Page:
Daniel Radcliffe transforms into a real-life Indiana Jones
The actor says his role in 'Jungle' is the hardest thing he's ever done.
Since concluding his eight-film run in the “Harry Potter” films, Daniel Radcliffe has tackled horror in “The Woman in Black,” “Horns,” and “Victor Frankenstein” and played beat poet Allen Ginsberg in “Kill Your Darlings.” In his latest project, he plays a real person who endures real-life horrors: he portrays Israeli adventurer Yossi Ghinsberg in the riveting survival drama “Jungle,” opening Oct. 20.
Based on Ghinsberg’s best-selling memoir about the three weeks he spent lost in the Amazon in 1981, the film proved to be Radcliffe’s most challenging role to date. “I think it was, certainly logistically and practically, one of the hardest things any of us had ever done, simply by virtue of our being in the jungle,” the 28-year-old actor told From The Grapevine. “We were filming in places camera trucks and vehicles couldn’t access. We were filming on the water a lot, on the rapids. It was tricky. I was worried about the rafting scenes because I’d never really done work on water before.”
Battling extreme hunger and heat, fire ants and snakes, Yossi was forced to cut out a worm that burrowed under the skin of his forehead as sequences graphically illustrate, an ordeal reminiscent of “The Revenant.”
“There are definitely some similarities, in terms of it being a pretty harrowing true story of survival,” Radcliffe agreed. “But it was also a very fun film to make. There was a really good camaraderie. I don’t want to complain about anything because Yossi really lived it. I was still eating, just trying to lose weight for the final scenes. But I missed eating as much as I normally do. I don’t know how Christian Bale did it for ‘The Machinist.’”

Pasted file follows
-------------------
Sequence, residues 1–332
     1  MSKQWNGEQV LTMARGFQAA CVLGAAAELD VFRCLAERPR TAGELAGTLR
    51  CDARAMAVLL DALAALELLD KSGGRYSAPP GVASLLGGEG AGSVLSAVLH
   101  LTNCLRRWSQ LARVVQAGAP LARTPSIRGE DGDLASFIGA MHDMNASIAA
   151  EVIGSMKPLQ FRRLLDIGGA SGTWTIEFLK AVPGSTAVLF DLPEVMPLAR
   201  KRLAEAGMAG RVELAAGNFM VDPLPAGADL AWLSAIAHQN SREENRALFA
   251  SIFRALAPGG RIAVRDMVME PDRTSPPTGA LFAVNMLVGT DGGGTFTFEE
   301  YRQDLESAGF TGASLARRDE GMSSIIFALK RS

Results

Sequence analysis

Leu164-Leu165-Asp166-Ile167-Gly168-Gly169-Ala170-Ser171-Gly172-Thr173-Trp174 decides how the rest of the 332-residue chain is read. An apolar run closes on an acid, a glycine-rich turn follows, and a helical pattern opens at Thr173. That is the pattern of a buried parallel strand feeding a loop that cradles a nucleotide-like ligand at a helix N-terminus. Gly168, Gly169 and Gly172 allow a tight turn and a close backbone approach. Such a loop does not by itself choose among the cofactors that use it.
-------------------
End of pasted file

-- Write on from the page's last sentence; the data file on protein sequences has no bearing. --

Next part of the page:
Having dropped 14 pounds for the role, Radcliffe relished being able to eat again when filming wrapped. “I had a steak when we finished shooting in Colombia, and Thai curry followed by a huge bar of chocolate when we finished the Australian portion of the shoot,” he told us.
He also prepared by talking to Ghinsberg “about his experiences in the jungle and his own personal background," said Radcliffe, who had visited Israel with his family as a child. “I remember having a good time.” The British Radcliffe employs an Israeli accent in the film.
Would he be able to survive a nightmare like Ghinsberg’s? “If you had asked me before [the film], I would have said absolutely not. But I think what makes Yossi’s story remarkable is that he wasn’t like Bear Grylls, someone with extensive survival training. It gives us all a little bit of hope that we might be able to survive just purely on our own will to survive. That’s what I found really beautiful and moving about the story, how hard it is to crush a person’s will to live.”
In his post-“Potter” career, Radcliffe has played an FBI agent and undercover skinhead in “Imperium,” a tech tycoon in “Now You See Me 2,” and a dead body in “Swiss Army Man.” He has also won raves for his stage work in “Equus” and “How to Succeed in Business Without Really Trying.”
“I don’t tend to compare the things that I do. I’m proud of pretty much all my work. But I‘m particularly proud of this film and I’m very honored to be a part of this story and I hope that it finds as wide an audience as possible,” he said.
In February, he’ll play a pilot forced to deliver a cargo of illegal drugs or his wife will die in “Beast of Burden,” and he’ll star with Owen Wilson in a TBS series called “Miracle Workers,” a workplace comedy set in heaven. Created by Simon Rich and produced by Lorne Michaels, it’s based on Rich’s book “What in God’s Name” and is set to premiere in 2018. Radcliffe will play an angel in charge of handling humanity’s prayers, reporting to God (Wilson). “I could not be more excited about it,” he told us. “I think it’s going to surprise people.”
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